Of course, I wouldn’t be doing you any justice if I didn’t tell you how weather affects field work. When working on a schedule, you don’t have time to take days off because of some silly old rain, so a few times in the summer I had to find a way to work around the rain. I remember one day in particular, I was out working with some heavy clouds in the sky. I brought two umbrellas to keep me dry. Unfortunately, the rain was starting to take its toll on my paper bags. In the name of science, I decided to use my umbrella to cover my samples. As the day wore on I probably came in contact with 10L of water, in what was an absolute downpour. Meanwhile my samples were enjoying the luxury of a roof over their heads. I couldn’t help but laugh at how priorities had shifted.

Every once in a while, one of my sample plots would have a milkweed plant on its boundaries. Milkweed is a very large plant and sometimes seemed like a tree compared to the other species. We made it a rule that we would always collect the milkweed last. On average we would spend about 4.5 hours collecting from a plot, so when we finally got to the milkweed, the satisfaction we got from taking it down was off the charts. Milkweed became a symbol of reward. Every time fieldwork got tough, I would look around for a milkweed to remind myself that  all of the hard work spent in the field was going to feel so good once it was all over. There is always something to look forward to, and when times are tough it is important to remind ourselves that the effort we put in today is going to make tomorrow that much sweeter.

At the end of my field season, once the sample collection had been completed in my grassland, I was lucky enough to take a course in field biology in the Colorado Rocky Mountains. The course gave me the opportunity to try a variety of techniques and get a sense of all the different kinds of research that occur at a field station. So naturally, in the spirit of new experiences, I decided to work on flowers again.


My time in the mountains led to some great learning about science, research and fieldwork, but once again the lessons I learned outside of the science world were the ones that truly stuck with me. Perhaps my favourite part about the course was the opportunity to experience a scientific community. I was surrounded by researchers doing projects on everything from mosses to marmots, and every day we would all meet back at the dining hall and learn about each other’s work. I liked being able to talk about what happened in my day and immediately have people respond with their thoughts and opinions. I liked settling down at the end of a field day to watch a movie with the others at the station. I liked playing cricket on Wednesdays just because it was what we did every week. And most of all, I liked waking up in the morning and seeing friendly faces and bright smiles before I started my day.  As I mentioned earlier, science can make you feel like you are all on your own at times, and having peers and colleagues around you can make a world of difference.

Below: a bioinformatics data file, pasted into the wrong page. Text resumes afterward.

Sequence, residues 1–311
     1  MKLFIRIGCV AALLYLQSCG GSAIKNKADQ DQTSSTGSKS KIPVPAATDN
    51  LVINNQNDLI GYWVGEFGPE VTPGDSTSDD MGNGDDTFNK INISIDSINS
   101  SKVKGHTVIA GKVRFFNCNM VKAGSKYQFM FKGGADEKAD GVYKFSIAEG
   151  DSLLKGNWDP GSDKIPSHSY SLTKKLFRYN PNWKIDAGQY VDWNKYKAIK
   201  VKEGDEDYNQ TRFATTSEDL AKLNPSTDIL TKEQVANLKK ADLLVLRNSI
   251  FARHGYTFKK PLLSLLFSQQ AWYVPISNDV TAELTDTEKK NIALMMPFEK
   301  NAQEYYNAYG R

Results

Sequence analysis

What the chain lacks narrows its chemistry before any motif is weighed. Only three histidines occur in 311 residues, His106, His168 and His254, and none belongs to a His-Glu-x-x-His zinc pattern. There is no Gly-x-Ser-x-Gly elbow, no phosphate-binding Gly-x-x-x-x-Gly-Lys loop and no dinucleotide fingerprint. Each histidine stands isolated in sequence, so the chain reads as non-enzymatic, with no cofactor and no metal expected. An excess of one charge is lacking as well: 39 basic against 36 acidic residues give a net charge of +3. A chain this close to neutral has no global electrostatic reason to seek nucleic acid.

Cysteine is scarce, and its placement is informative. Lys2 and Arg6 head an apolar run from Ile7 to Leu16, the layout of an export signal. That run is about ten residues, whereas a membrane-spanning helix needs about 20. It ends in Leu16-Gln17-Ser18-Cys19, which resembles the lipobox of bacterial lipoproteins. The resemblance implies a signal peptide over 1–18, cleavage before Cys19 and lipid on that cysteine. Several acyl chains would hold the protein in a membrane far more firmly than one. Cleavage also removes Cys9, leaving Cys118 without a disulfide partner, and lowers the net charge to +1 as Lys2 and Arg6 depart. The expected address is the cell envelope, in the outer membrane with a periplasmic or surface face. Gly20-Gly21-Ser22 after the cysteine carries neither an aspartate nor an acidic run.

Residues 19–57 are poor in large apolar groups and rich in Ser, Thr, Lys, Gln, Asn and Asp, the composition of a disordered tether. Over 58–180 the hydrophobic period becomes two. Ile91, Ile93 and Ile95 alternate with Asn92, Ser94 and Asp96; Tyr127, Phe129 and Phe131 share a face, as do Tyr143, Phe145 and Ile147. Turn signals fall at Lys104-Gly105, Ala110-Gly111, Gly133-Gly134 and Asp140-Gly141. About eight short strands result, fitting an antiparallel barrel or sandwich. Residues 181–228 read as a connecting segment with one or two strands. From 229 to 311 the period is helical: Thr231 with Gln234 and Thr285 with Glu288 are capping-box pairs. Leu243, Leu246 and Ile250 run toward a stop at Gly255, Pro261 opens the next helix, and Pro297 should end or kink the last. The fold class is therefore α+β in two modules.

I think the highlight of my trip came when climbing to the peak of Mt. Gothic. The elevation change hit me hard. Sometimes it felt like there was no oxygen left when I tried to breathe in. My lack of acclimation made it pretty difficult to make it up a hill, never mind a mountain. Despite my troubles, I found myself trying to keep up with those who had been climbing mountains all summer. To keep myself pushing, I put one of my earphones in and hit the shuffle button, hoping my music would take my mind off of my heavy breathing. At one point, about halfway up the mountain, the song “Bring Him Home” from Les Mis came on. I paused to catch my breath and lifted my head from my feet for the first time in a few minutes. I was greeted by the most breathtaking view I had come across so far. I started to slow down, as Alfie Boe serenaded me through my earbuds. I was overtaken by the sights and sounds I was experiencing and kind of got lost in it for a moment. As the song ended and I began to refocus on the path, I had fallen behind a little, but I was no longer breathing as heavily and I felt a lot lighter. I started to go at a pace that was more comfortable to me and enjoyed as much of the scene as I could. I learned that regardless of what pace everyone else was going, it was more important that I did it in a way that I was comfortable. I learned not to take the beauty around me for granted. I almost completely missed that moment in an attempt to get from the bottom of the mountain to the top. A lot of the time, it’s the events that occur on the way that make the journey worthwhile.

And so, as the summer has come to a close and the leaves have begun to change, I look back on all the things I gained from my first field season. While my data on alpine flowers was insignificant and my grassland ecosystem data is still in the process of being analyzed, I took much more out of my summer than two experiments. Biology is the science and the study of life, and in the process of completing my first field season, I certainly learned a lot about life.